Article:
When Patton Electronics started manufacturing computer and telecommunications products in 1984, the Gaithersburg company sold most of its goods to local companies. That is, until the owners identified fertile ground abroad.
“We had the opportunity to discover customers internationally through the Internet and made some treks overseas to establish distributors,” said Bobby Patton, who runs the business with his brothers Bruce and Bert.
Starting out, they relied on their own capital, but as the exporting operations grew, the brothers turned to the Export-Import Bank in 1998. The independent federal agency provided a guaranteed loan to help Patton Electronics finance accounts receivables from overseas customers.
Thanks to that line of credit, the 200-employee firm now draws more than 70 percent of its revenue from exporting more than 2,000 products to 120 countries. Patton said the company is on track to record a little less than 10 percent growth in the fourth quarter compared with last year because of an uptick in international orders.
Patton Electronics is among a growing number of small firms exploring global markets to sustain or expand their businesses amid sluggish demand at home. These companies have greater financing options now as the federal government increases grant funding and more banks are offering export loans.
According to the Bureau of Economic Analysis, total U.S. exports by companies of all sizes rose 15.1 percent to $178 billion in July, compared with the previous year. Small- and medium-size businesses, according to the International Trade Administration, account for roughly 33 percent of all U.S. exports.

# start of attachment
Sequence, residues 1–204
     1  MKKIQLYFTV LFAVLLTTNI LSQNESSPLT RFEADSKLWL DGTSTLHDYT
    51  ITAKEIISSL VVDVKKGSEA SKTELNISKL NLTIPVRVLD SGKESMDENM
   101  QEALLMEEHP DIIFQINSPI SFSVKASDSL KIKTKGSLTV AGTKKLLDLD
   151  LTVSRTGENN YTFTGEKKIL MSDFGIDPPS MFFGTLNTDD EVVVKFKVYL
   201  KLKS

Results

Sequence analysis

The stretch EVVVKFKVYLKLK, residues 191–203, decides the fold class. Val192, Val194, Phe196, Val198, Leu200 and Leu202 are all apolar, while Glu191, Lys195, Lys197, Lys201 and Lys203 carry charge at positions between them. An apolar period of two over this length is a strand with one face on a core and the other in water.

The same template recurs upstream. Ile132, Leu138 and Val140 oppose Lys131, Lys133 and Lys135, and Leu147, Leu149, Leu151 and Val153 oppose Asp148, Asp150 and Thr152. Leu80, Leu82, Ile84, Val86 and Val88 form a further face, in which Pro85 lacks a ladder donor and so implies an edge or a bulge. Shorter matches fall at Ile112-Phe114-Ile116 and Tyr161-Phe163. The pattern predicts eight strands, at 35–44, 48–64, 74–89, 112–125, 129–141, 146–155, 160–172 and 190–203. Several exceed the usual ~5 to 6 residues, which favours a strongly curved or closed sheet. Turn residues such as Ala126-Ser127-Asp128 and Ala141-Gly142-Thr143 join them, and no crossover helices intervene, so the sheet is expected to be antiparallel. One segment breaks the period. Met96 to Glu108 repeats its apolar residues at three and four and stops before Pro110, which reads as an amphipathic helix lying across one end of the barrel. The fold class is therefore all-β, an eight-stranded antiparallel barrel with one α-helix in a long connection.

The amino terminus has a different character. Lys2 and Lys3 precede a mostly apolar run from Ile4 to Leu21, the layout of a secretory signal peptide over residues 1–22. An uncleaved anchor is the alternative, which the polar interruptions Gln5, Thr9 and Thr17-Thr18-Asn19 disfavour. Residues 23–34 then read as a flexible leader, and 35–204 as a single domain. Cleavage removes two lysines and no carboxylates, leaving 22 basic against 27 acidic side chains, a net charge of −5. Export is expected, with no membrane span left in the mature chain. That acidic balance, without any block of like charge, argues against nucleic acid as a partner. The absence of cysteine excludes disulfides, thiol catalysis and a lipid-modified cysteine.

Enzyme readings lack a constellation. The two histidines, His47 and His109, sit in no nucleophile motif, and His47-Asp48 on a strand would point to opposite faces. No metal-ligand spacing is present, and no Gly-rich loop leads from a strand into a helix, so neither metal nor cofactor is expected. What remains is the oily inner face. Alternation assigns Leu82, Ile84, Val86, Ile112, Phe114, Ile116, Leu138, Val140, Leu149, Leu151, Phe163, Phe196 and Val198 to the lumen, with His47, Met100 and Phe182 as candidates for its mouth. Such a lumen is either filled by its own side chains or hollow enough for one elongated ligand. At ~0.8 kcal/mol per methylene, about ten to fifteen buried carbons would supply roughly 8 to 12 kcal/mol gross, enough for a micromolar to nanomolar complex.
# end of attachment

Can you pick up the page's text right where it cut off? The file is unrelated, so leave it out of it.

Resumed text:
Leading the charge in aiding mom-and-pop shops with exporting their goods are the Export-Import Bank and the Small Business Administration. Both agencies offer guidance on entering international trade and provide working capital loan guarantees to offset the risks of doing business abroad.
The Export-Import Bank has approved more than 2,828 small-business transactions through August, and is projecting a 10 percent increase from 2010 for the year. The agency has set a target of adding 5,000 new small firms to its portfolio and hitting $9 billion in annual small-business export financing within the next four years.
“This is a record year for small-business loans at Ex-Im,” said bank chairman and president Fred Hochberg. “The small businesses I’ve talked to that are exporting are having a good year, and are pretty optimistic in spite of a tough economy here and around the world.”
Meanwhile, the SBA announced last week $30 million in grants, authorized by the Small Business Jobs Act of 2010, to increase exporting under the State Trade and Export Promotion Program. Begun in March, the program supports participation in foreign trade missions, international marketing, trade shows and other export initiatives.
The grants support further development of state programs to increase the number of mom-and-pop shops doing business overseas, which aligns with President Obama’s goal of doubling U.S. exports by 2014, said Dario Gomez, associate administrator for international trade at the SBA. (Maryland, which received $585,000, is one of 47 states awarded funding through the new grants.)
“In order to balance its overall GDP, the United States really needs to put a strong emphasis on exports,” he said. “The Jobs Act gave us new tools towards that end.”
The legislation, most notably, raised the loan limit from $2 million to $5 million, which Gomez anticipates will result in further export growth. He noted that the agency has welcomed more lending partners in recent years, though he could not provide an exact figure.
In the Washington area, there are five banks, including BB&T Corp. and Suntrust Bank, listed as preferred SBA export lenders. Suntrust, for instance, has in 2011 issued more than 14 times the number of export loans it did in 2008, according to Susanne Keough, managing director and head of global trade solutions for the Atlanta-based bank. She declined to provide an exact number.
“More clients are exploring international markets as a result of the slowdown in growth and demand in the U.S.,” she said. “While the U.S. was in the midst of the recession, emerging markets, like China and India, presented great opportunities for U.S. products. It was just a matter, for many U.S. companies, of obtaining the right financing.”